China Has Record Year for Pandas

Animal Planet :: News :: Record Year for Pandas

Picture(s): AP Photo/Ng Han Guan |

Playful Pandas
A pair of panda cubs play at the Chengdu Panda Breeding Research Base in the Sichuan province of western China. Twenty-five pandas were born through artificial insemination this year, of which 21 survived. This is more than double the number of pandas born through artificial insemination in 2004.


China Has Record Year for Pandas

Nov. 18, 2005 — China has succeeded in producing 25 panda cubs through artificial insemination this year, a record since the method was introduced four decades ago, state media said Thursday.

Researchers artificially impregnated 38 giant pandas this spring, resulting in 25 panda births this fall of which 21 survived, the Xinhua news agency reported.

“We owe this achievement to Chinese scientists,” said Zhang Zhihe, director of the Giant Panda Breeding Technology Committee in the southwestern city of Chengdu.

“They have acquired mature technologies and valuable experience after years of hard work,” he said.

Last year, 30 artificial inseminations resulted in just 12 births and only nine survived, according to the agency.

The Chinese are fighting an uphill battle to preserve the giant panda, arguably the world’s most famous endangered species, but are getting little help from the furry animal itself.

Giant pandas show little instinctive behavior in captivity, especially sexual desire, which, Xinhua explained, is “essential for natural mating and conception.”

“Female pandas are extremely picky about their ‘Mr. Right,'” said Zhang.

The panda’s reproductive problems extend beyond dating and mating, as clumsy mother pandas often do not know how to feed their cubs. In these cases scientists have to step in to help with artificial feeding, Xinhua said.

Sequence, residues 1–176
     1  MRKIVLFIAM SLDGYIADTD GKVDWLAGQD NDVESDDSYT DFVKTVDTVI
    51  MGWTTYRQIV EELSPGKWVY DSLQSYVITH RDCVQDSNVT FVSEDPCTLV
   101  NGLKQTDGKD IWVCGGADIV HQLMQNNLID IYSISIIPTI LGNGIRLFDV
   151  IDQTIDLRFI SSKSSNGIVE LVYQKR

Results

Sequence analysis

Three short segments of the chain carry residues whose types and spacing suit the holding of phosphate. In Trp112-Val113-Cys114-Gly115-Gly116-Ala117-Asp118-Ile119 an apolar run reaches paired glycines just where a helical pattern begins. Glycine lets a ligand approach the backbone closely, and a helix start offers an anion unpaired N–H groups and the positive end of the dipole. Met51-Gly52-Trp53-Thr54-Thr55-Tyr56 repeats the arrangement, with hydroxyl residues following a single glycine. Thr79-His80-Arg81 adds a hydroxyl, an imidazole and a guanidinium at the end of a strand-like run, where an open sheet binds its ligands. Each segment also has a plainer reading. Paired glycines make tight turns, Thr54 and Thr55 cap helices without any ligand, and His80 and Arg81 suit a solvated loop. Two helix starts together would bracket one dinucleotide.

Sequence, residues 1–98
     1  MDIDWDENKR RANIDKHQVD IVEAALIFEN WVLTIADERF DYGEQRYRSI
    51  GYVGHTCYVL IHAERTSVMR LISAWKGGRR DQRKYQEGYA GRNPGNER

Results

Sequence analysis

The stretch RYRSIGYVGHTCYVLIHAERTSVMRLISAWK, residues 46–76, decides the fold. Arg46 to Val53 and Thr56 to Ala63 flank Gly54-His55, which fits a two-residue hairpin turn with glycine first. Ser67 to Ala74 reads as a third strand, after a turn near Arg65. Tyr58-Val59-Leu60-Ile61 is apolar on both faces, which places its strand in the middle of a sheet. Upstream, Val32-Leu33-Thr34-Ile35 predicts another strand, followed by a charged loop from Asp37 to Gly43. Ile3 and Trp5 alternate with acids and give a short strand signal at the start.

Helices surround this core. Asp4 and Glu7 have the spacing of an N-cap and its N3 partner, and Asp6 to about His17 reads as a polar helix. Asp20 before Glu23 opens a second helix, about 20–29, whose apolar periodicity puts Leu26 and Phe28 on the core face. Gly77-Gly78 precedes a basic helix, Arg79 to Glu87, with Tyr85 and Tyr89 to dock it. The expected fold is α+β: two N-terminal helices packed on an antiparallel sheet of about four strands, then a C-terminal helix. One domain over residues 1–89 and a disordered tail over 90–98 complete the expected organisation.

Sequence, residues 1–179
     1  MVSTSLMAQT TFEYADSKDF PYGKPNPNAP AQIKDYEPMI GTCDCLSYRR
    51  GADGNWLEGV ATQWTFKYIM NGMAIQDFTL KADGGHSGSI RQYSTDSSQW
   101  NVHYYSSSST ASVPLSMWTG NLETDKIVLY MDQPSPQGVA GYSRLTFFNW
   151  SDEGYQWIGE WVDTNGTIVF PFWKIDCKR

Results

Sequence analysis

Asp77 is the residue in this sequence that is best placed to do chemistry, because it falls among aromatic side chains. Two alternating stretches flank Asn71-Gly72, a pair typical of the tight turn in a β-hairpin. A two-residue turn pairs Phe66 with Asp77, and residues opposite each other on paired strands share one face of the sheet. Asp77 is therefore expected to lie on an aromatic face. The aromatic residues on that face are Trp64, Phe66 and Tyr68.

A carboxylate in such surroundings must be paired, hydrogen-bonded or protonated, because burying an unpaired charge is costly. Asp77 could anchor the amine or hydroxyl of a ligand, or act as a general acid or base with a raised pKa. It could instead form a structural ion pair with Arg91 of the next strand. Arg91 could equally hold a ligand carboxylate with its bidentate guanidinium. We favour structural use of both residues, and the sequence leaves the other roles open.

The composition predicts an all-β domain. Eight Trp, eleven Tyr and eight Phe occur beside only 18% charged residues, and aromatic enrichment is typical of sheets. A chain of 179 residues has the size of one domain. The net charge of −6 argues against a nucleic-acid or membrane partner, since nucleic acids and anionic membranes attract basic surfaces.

As of the end of 2004 China had raised 163 giant pandas in captivity, while almost 1,600 of the rare animals are believed to be living in the wild in Sichuan, Shaanxi and Gansu provinces.

Name: Giant Panda (Ailuropoda melanoleuca)
Primary Classification: Ursidae (Bears)
Location: The Sichuan, Gansu and Shanxi provinces in central China.
Habitat: Temperate bamboo forests.
Diet: Bamboo, almost exclusively.
Size: Up to 6 ft in length and 250 lbs in weight.
Description: Black fur on ears, eye patches, muzzle, legs and shoulders; white fur everywhere else; thick, woolly coat; broad, round face and flat nose; large molars; round, protruding ears; round body with short, sturdy limbs.
Cool Facts: Mothers will eat their cubs’ stools to eliminate any evidence of their presence, thereby avoiding potential predators. They need to eat more than 22 lbs of bamboo per day to satisfy their daily requirement of nutrients.
Conservation Status: Endangered
Major Threat: Habitat loss and poaching.
What Can I Do?: Visit Pandas International, Smithsonian’s National Zoo and The Hong Kong Society for Panda Conservation for information on how you can help.


Copyright © 2005 Discovery Communications Inc.
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